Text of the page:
Mark Wignall | The good, the bad and the criminal
Last week, the businessman was upbeat, unusually so.
"Me and my colleagues are close to the action, the BPO sector. In the economic zones expansion, over the next three years, we see probably an additional 10,000 jobs."
"What about crime, about the perception that those jobs are a new form of slavery?" I asked.
"Slavery? The reality is, these people operate at very high standards and our people have to step up to meet that. As for the salary, I don't believe the workers will have too many complaints." He was of the firm belief that a reduction in murders could lead to even more expansion. "We do not have a wide window of opportunity to make this work. We have to show significant decreases in the next two years."
Two years ago, a few workers, females, had made contact with me and carried with them a mountain of complaints about a BPO company operating in the country's western end. It concerned general 'rudeness' by the supervisors and matters of time anomalies over breaks and lunch.
It is obvious that the differing levels of optimism among the social classes in Jamaica are directly linked to how close they perceive themselves on the road to economic opportunity. Most entrepreneurs
I know are amazing at compartmentalising. To them, while violent crime is a reality and a great social concern, it must never be seen as a hindrance to them in planning business expansion. Otherwise, the society is seen as caving to the criminal element.
In recent days, I have been most disturbed by YouTube videos of the glorification of violence. From schoolgirls involved in a deliberate fight tailor-made for cell phone cameras to women in inner-city settings stoning each other to men posing with their illegally acquired guns and expressing deep and dangerous states of mental despair.
That the schoolgirls would pose for and engage in arranged fights in their uniforms is itself despicable. That there is a viral market for it makes it a national tragedy.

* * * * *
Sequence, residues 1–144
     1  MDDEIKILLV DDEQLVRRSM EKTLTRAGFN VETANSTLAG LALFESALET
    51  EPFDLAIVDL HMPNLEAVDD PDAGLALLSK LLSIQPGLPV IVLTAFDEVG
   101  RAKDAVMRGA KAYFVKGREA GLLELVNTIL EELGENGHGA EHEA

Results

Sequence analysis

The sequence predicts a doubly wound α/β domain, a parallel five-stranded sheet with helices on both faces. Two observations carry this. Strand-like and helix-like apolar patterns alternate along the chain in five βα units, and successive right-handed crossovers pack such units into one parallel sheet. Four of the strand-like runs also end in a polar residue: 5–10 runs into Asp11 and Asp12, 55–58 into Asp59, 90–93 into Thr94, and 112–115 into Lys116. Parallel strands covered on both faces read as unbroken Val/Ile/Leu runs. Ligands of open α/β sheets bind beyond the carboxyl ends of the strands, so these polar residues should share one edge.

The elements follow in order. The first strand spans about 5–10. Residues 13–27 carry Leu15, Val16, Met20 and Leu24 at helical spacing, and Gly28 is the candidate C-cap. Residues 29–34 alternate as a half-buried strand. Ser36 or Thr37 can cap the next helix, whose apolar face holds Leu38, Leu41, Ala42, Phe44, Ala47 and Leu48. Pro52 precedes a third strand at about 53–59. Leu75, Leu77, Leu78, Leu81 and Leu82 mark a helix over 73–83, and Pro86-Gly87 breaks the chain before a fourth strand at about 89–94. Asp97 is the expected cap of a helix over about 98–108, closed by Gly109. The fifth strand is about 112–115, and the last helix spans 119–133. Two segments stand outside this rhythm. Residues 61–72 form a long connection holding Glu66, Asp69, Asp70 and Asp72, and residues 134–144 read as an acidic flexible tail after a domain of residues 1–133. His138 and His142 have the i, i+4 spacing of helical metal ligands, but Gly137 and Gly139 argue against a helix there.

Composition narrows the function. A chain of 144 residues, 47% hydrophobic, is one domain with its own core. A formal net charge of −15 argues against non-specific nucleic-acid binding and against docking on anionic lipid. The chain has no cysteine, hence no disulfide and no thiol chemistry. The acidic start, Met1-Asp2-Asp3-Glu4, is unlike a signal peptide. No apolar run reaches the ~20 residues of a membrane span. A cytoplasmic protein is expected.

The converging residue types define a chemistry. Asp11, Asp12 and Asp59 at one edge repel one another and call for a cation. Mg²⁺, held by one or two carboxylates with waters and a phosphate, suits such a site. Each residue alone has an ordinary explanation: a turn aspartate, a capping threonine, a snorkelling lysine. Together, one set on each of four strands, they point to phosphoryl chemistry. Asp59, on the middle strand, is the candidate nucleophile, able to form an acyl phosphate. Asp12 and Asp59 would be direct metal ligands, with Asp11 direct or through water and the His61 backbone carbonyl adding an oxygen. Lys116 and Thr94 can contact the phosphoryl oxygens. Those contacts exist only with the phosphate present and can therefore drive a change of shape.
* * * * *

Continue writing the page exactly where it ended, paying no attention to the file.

There are many schoolchildren all across the island who are ardently involved in getting the best they can from what is offered them in the public education system. They do not need this crude and mind-bending distraction.
Those adults who have jobs and must take public transport or robots are now on alert because of reports of kidnappings and robbery. Still, each day they leave the relative safety of their homes trying to make an extra dollar. All they want to do is to reach home in the same state that they left it.
One of the foreseen but definitely unneeded consequence of every crime spike is the extent to which it emboldens petty criminals. Under 'normal' circumstances, some young men with too much time spent idling who would probably do petty robberies and break-ins, would during murder spikes use the opportunity to step up their game. It is the route to an increase in the hardening of those perpetrating crimes at all levels.
The temptation to an increase in the use of the gun to solve disputes of all kinds is obvious and, in this respect we have begun to see a few inner-city communities reawakening to the worst of their past demons.
As more of our people grow in support of any action which they perceive as acting in the interest of driving down the murder rate, more of them it will be who will want to see added power given to the security forces.
That said, I believe that that added grant of power comes with certain conditions, at this time unstated but silently implied. There has to be tangible results. Especially for people who are living just two houses or roads from a cache of arms and ammunition and where disputes are a dime a dozen.
They need to be able to walk their streets in peace and sleep well in their beds at nights.
They need immediate results.